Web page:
Old school being upgraded

Built in 1933, Mary Fields Elementary School on Daufuskie Island was for many years the only school for black children on the island. Author Pat Conroy taught there from 1969 to 1970.

File, The Island Packet

HILTON HEAD -- Renovations have started on the Mary Fields School, the historic schoolhouse on Daufuskie Island where acclaimed Lowcountry author Pat Conroy once taught.

The Daufuskie Island Leadership Council, made up of civic leaders, organized the renovation of the school, which is now the site of community gatherings and a frequent stop for visitors.

The council began the effort after plans to build a community center several years ago on the isolated island proved too expensive, president Chuck Henry said.

Within a few months, he said, the council intends to spruce up the school by:

• Installing central heating and air conditioning, a ramp for wheelchairs and new exterior lighting.

• Replacing the front windows.

• Renovating the bathroom.

• Refinishing the floor.

• Repairing and painting the siding.

The council also hopes to buy new furniture and improve the landscaping.

"It will just make people a little more proud of the community we live in," Henry said.

Built in 1933, the building was for many years the only school for black children on the island, which is accessible only by boat.

Conroy taught there from 1969 to 1970. He incorporated the racism and other difficult conditions his students endured into his 1972 novel "The Water is Wide," according to his Web site.

The school closed in 1995 when Beaufort County built a new elementary school on the island.

To fund the renovation, the council raised $37,000 from more than 100 donors in amounts ranging from $20 to $7,000, Henry said.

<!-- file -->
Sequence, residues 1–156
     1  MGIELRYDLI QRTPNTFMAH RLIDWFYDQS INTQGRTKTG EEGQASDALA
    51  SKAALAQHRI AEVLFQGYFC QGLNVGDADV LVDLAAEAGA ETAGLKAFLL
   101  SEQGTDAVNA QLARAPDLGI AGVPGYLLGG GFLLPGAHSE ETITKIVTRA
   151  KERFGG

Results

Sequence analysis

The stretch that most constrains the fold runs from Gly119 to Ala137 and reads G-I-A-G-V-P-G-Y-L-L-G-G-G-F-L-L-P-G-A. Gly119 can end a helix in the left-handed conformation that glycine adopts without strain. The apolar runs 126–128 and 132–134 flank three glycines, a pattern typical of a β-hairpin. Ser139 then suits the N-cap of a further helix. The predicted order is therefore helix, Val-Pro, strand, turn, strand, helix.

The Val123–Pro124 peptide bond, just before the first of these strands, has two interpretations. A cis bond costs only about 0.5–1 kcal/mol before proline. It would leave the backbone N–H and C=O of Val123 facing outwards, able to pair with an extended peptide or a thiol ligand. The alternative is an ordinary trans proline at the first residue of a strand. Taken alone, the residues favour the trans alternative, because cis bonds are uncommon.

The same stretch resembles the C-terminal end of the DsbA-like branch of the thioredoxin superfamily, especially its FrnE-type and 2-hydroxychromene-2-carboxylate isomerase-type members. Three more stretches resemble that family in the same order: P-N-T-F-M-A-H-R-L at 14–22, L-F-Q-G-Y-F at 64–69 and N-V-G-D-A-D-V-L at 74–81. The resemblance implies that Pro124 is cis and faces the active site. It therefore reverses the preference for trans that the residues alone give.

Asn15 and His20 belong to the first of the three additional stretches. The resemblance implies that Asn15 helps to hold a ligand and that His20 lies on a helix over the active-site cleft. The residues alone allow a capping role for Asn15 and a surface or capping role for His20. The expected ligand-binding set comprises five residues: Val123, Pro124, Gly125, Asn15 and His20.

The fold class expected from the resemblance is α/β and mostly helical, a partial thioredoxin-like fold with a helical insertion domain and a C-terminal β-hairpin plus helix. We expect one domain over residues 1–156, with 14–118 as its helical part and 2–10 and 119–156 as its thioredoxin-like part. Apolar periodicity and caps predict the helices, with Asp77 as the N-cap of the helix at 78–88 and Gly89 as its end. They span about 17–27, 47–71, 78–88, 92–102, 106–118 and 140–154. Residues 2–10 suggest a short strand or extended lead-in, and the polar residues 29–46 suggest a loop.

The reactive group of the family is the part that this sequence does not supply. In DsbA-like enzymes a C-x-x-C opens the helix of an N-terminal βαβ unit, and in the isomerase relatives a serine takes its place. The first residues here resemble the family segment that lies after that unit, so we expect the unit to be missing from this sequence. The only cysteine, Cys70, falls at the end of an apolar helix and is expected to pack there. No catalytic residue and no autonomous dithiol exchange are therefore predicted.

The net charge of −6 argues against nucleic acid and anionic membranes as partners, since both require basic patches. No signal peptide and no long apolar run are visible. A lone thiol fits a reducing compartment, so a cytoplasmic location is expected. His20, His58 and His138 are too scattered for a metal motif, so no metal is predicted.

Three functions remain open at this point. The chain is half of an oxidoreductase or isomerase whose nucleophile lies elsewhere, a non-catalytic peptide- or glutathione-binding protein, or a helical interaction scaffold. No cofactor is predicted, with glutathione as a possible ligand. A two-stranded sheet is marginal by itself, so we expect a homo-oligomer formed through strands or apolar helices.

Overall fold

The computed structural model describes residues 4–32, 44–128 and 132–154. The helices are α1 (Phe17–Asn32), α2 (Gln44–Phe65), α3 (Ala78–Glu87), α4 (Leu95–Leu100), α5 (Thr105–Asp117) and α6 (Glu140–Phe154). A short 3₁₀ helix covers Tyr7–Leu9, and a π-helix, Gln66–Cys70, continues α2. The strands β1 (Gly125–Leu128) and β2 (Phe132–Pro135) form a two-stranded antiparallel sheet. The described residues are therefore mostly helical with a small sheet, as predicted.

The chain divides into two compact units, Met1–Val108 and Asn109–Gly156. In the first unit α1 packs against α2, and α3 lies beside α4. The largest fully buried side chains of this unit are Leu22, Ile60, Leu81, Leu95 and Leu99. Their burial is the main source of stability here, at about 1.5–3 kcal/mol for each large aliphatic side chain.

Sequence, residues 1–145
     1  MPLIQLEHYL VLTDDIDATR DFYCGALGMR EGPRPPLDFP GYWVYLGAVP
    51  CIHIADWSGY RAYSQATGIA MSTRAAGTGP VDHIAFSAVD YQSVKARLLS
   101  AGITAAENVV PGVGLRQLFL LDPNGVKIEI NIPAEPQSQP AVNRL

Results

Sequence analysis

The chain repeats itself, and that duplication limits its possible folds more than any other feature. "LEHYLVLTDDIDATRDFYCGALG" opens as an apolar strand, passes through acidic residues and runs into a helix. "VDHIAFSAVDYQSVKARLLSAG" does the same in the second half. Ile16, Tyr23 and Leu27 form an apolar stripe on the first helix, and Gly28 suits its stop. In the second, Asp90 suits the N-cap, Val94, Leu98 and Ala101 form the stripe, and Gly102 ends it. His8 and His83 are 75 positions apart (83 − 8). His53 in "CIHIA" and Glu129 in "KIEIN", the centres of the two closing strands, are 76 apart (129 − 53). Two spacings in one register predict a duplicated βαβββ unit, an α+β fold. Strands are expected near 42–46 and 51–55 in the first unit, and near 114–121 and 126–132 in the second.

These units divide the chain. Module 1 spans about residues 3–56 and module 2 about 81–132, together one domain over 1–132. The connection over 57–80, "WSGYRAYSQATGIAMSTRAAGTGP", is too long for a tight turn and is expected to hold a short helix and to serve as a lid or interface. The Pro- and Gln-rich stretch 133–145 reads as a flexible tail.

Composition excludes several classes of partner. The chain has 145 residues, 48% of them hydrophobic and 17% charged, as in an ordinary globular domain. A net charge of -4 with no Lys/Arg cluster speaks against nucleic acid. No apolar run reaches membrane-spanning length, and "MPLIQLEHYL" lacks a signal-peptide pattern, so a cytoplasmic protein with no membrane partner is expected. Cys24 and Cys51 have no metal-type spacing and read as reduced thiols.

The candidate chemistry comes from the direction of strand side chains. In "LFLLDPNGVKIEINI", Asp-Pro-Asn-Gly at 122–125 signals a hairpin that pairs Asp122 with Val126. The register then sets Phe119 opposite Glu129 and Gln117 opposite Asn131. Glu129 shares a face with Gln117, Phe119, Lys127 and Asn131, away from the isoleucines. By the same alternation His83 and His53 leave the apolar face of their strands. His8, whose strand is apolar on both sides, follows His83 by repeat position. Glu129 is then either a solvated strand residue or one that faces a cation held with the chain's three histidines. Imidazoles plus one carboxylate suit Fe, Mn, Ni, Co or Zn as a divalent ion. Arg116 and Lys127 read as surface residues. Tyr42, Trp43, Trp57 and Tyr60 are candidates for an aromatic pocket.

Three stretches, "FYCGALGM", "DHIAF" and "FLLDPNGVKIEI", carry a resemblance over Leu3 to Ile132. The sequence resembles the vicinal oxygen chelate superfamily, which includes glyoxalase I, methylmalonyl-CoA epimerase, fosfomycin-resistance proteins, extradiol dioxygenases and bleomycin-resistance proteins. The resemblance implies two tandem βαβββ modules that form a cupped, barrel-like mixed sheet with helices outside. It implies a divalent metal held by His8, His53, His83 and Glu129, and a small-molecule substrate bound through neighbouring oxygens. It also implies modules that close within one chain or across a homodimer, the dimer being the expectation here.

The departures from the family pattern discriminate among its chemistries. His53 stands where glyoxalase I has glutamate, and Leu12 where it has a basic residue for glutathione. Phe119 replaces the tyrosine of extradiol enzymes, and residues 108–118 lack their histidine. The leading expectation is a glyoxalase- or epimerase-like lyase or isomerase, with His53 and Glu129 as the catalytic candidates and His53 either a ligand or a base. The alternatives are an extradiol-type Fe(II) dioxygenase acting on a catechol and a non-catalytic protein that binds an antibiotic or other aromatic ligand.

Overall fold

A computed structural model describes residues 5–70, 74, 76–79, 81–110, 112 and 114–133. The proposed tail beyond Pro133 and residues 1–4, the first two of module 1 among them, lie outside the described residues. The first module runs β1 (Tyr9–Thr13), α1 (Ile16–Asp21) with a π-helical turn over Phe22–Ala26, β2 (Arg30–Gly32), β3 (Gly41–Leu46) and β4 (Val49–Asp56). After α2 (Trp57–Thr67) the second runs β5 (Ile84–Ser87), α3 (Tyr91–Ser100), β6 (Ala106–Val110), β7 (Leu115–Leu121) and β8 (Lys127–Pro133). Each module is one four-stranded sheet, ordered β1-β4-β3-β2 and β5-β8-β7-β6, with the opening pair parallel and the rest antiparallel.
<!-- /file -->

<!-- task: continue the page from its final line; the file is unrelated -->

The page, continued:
The council used that money to obtain a $25,000 matching grant from the Community Foundation of the Lowcountry on Hilton Head Island.

Henry said he was pleasantly surprised at the success of the fundraising drive, given the difficult economic conditions.

The donations also impressed foundation officials, said vice president for marketing and communications Carolyn Torgersen.

"It shows a lot of dedication and hard work by that community," she said.

Hamilton School also renovated

As renovations to one of Daufuskie Island's historic schoolhouses begins, work on another is nearing completion.

The Daufuskie Island Historical Foundation plans to make the Jane Hamilton School a library and Gullah learning center to educate visitors about the history and culture of native islanders.

The school opened in 1940 and served island students who would otherwise have walked to the more centrally located Mary Fields School. It closed in 1950 when the island got a school bus, and had fallen into disrepair after serving a variety of uses since then.

The foundation has planned a grand opening for Oct. 24. It spent about $42,000 on the project, $15,000 of which came from a matching grant from the Community Foundation of the Lowcountry. The rest was raised from private donors.